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Why Swimming Pools Mean More Than You Think In Breaking Bad

Over the course of Breaking Bad, the seemingly normal three-bedroom suburban home of Walter White (Bryan Cranston); his wife, Skyler (Anna Gunn); and their son, Walt Jr. (RJ Mitte); transforms into a storage facility for Walt's blood money and a target for Heisenberg's enemies.

So much happened over the show's five seasons that it's hard not to notice the parts of their property that held significance. These include the notorious pizza on the roof and the hidden money in the crawl space. But the White family swimming pool serves as possibly the eeriest element of the house. 

For most of us, having a swimming pool on our properties signifies relief on hot summer days, exercise, or a central point for a gathering. But for the Whites and a few other characters on the show, swimming pools signify much more. It might seem like a simple backdrop for scenes, but swimming pools pop up in the show at several crucial moments.

Swimming pools highlight Walter White's destruction

Walt is often hanging around the pool. He tosses lit matches into it, encourages Walt. Jr to drink around it, and sometimes just stares into its blue emptiness. The pool is supposed to be a symbol of wealth and joy, but for Walt, it serves as a reflection of his own state of being. As The Take noted: "Walter's relationship with his pool visualizes his obsession with contamination which is a stand-in for his guilt over what he's done."

One of the most jarring images from the series involves the dismembered pink teddy bear floating aimlessly in the White's pool in the season 2 premiere episode, "Seven Thirty-Seven." The bear fell from a Wayfarer 515 after the plane collided midair with another plane. The reason for the collision was Jane's (Krysten Ritter) father, an air traffic controller, grieving his daughter's death and distracting him from his job. Walt could have saved Jane when she was overdosing on heroin, but he chose not to. This action inadvertently caused 167 people on both planes to die. The one-eyed teddy bear floating around in the pool is a symbol of the destruction Walt has caused with his selfish actions.

Another classic pool scene is in the season 4 finale when a zooming-in camera reveals that Walt used the poisonous lily of the valley plant near his pool to poison 6-year-old Brock Cantillo in an effort to manipulate Jesse (Aaron Paul). Walt has gotten so far removed from any sense of morality that he's willing to poison a child to keep his operation running.

Gus Fring uses the swimming pool for revenge and rebirth

Before Gustavo Fring (Giancarlo Esposito) became a powerful and feared drug kingpin, he and his business partner and potential lover, Max (James Martinez), co-founded the fast-food chain and crystal meth front known as Los Pollos Hermanos. But Don Eladio (Steven Bauer) was not happy with their business and, in a face-to-face meeting with the partners, he had Hector Salamanca (Mark Margolis) kill Max, forcing Gus to watch the blood drain from Max's head into the pool. Gus is clearly terrified. But after this incident, Gus becomes a more stoic, intimidating presence on the show. The killing of his partner and his own brush with death changed him. As one Reddit user wrote, "It is safe to say Gus was reborn on that day next to the pool when his friend was shot."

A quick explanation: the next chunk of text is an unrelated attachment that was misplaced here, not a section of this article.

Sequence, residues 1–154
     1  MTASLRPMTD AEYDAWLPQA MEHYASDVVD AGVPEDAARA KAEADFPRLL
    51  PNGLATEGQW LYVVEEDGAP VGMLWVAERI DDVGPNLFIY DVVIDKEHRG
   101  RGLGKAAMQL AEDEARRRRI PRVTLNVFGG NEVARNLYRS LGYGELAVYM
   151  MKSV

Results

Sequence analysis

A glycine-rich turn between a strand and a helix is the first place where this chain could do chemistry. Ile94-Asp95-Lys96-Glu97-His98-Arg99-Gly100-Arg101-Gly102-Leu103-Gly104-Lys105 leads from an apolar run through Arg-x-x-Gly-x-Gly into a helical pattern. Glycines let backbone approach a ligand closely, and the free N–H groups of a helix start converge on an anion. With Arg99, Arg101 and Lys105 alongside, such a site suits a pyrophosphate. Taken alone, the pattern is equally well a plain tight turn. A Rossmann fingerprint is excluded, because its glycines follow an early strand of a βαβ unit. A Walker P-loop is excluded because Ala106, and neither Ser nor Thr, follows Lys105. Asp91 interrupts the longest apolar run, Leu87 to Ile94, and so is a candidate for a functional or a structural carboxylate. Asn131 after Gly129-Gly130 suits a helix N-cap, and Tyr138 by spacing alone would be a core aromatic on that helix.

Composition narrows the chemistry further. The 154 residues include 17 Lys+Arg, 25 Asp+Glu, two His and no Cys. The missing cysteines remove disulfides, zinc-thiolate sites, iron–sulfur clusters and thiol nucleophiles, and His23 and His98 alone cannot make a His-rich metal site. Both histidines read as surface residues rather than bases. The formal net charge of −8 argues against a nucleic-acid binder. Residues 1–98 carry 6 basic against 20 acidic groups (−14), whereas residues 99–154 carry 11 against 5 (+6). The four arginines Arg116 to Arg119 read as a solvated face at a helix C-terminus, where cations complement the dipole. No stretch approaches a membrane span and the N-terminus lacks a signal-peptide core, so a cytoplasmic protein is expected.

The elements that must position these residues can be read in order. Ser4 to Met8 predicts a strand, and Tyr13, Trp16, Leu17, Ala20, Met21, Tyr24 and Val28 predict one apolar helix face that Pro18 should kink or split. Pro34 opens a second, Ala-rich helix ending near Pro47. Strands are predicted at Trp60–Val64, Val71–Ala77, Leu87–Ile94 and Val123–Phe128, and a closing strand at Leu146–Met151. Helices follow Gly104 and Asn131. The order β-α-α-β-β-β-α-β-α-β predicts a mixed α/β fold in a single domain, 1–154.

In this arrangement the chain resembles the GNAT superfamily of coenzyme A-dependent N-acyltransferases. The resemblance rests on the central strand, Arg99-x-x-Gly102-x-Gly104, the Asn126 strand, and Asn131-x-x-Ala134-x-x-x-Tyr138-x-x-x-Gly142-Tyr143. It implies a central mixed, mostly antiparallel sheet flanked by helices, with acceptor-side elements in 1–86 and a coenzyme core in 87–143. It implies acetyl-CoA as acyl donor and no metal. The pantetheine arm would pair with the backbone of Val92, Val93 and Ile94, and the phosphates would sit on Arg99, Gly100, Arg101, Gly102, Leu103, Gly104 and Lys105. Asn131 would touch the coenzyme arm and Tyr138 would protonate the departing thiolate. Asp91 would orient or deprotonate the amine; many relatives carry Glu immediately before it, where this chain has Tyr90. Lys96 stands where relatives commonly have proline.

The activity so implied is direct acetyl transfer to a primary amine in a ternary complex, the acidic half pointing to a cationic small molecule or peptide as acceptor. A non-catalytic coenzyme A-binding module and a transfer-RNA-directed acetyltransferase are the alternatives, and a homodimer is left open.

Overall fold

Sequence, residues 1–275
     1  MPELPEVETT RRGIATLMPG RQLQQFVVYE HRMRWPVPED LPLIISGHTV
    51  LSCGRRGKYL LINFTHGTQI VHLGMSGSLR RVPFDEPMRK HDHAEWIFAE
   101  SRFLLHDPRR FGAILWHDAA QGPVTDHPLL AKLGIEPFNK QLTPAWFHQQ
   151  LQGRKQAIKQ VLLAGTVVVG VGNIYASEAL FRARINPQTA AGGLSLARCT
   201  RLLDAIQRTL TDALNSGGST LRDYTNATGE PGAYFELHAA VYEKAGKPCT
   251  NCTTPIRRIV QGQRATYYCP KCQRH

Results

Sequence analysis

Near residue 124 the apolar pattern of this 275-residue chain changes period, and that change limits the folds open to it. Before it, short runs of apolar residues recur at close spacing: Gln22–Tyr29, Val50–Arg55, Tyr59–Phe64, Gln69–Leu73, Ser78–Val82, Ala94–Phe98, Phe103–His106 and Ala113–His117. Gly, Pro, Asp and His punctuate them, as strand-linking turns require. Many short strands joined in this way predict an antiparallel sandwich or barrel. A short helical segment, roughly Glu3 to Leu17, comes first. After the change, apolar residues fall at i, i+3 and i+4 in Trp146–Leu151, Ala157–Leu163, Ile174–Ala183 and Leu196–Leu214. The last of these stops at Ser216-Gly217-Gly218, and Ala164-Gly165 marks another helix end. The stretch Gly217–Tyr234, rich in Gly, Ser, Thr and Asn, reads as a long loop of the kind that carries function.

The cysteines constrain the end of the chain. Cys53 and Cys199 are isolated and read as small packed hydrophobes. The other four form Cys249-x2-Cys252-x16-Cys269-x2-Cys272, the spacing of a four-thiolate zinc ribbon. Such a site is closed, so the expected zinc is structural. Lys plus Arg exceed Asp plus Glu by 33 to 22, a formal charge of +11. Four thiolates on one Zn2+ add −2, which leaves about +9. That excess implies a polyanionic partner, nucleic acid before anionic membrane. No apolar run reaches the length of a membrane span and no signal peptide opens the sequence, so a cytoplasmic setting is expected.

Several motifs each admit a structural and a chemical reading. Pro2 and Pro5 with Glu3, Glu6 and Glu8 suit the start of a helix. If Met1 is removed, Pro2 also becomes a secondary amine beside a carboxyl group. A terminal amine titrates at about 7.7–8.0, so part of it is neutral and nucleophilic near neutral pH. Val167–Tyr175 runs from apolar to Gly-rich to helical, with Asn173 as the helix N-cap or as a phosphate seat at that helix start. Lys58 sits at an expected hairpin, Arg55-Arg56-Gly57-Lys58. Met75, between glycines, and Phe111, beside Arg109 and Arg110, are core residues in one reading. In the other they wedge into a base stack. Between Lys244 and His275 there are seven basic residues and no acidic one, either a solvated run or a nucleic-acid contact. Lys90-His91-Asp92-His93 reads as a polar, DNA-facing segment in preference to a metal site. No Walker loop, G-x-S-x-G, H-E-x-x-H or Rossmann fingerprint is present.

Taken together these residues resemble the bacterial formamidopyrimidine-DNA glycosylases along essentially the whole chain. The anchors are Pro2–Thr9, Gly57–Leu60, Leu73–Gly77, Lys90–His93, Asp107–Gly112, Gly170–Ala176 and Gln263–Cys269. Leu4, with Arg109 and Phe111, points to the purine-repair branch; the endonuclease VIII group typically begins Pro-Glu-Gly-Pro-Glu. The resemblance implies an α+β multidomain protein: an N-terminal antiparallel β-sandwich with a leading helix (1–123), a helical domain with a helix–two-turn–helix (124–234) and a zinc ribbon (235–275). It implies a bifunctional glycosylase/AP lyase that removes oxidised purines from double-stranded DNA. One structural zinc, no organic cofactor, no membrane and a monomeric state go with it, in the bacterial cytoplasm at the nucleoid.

Years later, Gus reunites with Don Eladio and offers him a gift of tequila. Eladio and his crew drink the tequila and soon, one by one, die from the poison within. Gus approaches Eladio, who charges at him but soon falls into the pool dead. Eladio's pool bookends Gus' transformation from a lowly drug pusher into a masterful drug kingpin not to be reckoned with.

Skyler White nearly drowns in the pool

Though the White's pool isn't sentient, the scene in the fifth season in which Skyler White breaks away from a group gathering of Walt, Hank (Dean Norris), and Marie Schrader (Betsy Brandt) shows the power it holds as Skyler mindlessly stares into the glowing blue water. She walks in, going under in an apparent suicide attempt.

At this point in the show, Skyler not only didn't turn her husband in for his crimes but instead helped him launder money using their car wash business. But as her criminal assistance progresses and she sees how much of a danger Walt is to the family, she breaks.

Some fans believe Skyler's fully clothed descent into the freezing pool was the only way for her to "feel alive." Another fan of the show wrote on Quora that she was doing it to protect her kids. "It goes to show what lengths she'll go to keep the kids safe from Walt by creating a crisis in which Walt Jr. and Holly stay with Hank and Marie," she wrote. One Redditor even posited that the pool that "drove Walt insane" was "eating" Skyler.

While the pool doesn't have any supernatural powers, it's certainly a powerful symbol. Whenever it appeared, something significant was happening. When the pool is shown empty in a flash-forward, with kids using it to skateboard, it signifies that Walt's foray into the world of crime is finally over.